The Hamadryas baboon (Papio hamadryas) is a species of baboon from the Old World monkey family. It is the northernmost of all the baboons; being native to the Horn of Africa and the southwestern tip of the Arabian Peninsula. These regions provide habitats with the advantage for this species of fewer natural predators than central or southern Africa where other baboons reside. The Hamadryas baboon was a sacred animal to the ancient Egyptians and appears in various roles in ancient Egyptian religion, hence its alternative name of 'sacred baboon'.
Apart from the striking size difference between the sexes (males are often twice as large as females) which is common to all baboons, this species also shows sexual dimorphism in coloration. The fur of males is silver-white in color and they have a pronounced cape (mane and mantle) which they develop around the age of ten, while the females are capeless and brown. Their faces range in color from red to tan to a dark brown.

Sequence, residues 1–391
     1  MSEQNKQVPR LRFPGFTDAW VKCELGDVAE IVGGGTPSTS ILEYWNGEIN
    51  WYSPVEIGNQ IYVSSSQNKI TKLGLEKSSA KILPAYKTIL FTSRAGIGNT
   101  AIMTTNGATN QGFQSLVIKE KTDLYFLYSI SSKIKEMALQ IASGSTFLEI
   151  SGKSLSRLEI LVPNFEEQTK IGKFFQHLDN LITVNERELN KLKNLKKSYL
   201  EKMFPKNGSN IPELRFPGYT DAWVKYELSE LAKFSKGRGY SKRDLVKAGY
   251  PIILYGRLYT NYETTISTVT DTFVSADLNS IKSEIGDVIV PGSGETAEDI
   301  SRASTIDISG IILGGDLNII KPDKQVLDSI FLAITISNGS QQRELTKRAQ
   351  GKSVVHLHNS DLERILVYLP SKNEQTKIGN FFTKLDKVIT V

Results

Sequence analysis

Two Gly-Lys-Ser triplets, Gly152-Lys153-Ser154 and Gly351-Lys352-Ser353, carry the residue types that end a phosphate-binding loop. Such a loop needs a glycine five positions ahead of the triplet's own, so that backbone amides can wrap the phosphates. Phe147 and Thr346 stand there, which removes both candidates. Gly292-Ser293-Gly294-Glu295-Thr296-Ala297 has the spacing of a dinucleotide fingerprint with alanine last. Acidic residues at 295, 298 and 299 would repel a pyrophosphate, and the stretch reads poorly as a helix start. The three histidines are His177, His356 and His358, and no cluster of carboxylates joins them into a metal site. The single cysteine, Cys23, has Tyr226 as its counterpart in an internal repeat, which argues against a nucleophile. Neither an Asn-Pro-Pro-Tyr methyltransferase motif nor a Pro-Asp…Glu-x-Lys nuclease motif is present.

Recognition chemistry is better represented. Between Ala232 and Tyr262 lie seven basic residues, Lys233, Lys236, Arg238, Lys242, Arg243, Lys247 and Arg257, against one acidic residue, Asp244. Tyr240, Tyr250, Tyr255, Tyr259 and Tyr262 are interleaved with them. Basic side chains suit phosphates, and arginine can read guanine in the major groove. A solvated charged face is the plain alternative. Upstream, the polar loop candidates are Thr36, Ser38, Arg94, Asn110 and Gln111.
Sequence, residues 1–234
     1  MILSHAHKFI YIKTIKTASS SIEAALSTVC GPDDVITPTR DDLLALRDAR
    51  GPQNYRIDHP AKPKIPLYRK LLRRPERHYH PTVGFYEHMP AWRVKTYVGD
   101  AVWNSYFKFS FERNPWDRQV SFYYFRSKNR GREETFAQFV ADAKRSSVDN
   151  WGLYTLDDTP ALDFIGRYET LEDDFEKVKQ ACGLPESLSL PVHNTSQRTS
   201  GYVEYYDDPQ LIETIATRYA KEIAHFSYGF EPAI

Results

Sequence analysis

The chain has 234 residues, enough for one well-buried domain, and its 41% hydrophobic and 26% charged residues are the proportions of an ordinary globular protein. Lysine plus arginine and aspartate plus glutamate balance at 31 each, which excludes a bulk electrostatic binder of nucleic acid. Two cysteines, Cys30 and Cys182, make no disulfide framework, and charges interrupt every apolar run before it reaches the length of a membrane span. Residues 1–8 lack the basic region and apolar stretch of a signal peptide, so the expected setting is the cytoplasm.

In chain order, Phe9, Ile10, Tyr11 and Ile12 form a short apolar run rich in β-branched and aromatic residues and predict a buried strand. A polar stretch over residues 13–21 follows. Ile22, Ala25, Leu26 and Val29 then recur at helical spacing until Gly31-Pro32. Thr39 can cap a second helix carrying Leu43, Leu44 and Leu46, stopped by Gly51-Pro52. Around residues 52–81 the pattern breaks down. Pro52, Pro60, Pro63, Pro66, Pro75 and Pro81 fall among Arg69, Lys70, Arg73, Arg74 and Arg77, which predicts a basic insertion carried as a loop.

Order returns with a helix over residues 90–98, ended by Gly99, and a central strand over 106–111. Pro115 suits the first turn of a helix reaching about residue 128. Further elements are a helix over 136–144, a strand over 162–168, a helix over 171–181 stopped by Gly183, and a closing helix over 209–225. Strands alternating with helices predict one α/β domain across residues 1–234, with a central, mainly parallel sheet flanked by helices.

Males may have a body measurement of up to 80 cm and weigh 20–30 kg; females weigh 10–15 kg and have a body length of 40–45 cm.Rowe, Noel. The Pictorial... Read More